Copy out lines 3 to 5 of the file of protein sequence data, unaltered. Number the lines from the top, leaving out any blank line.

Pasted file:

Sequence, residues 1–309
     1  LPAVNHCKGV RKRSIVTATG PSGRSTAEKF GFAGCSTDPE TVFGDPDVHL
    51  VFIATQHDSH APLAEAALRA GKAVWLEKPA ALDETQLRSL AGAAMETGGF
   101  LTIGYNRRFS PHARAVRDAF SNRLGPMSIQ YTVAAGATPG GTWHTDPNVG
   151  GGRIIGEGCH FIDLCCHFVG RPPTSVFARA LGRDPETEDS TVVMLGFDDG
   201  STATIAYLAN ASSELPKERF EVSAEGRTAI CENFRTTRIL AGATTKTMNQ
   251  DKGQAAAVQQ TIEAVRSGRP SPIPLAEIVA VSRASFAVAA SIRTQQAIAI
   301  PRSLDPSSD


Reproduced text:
    51  VFIATQHDSH APLAEAALRA GKAVWLEKPA ALDETQLRSL AGAAMETGGF
   101  LTIGYNRRFS PHARAVRDAF SNRLGPMSIQ YTVAAGATPG GTWHTDPNVG
   151  GGRIIGEGCH FIDLCCHFVG RPPTSVFARA LGRDPETEDS TVVMLGFDDG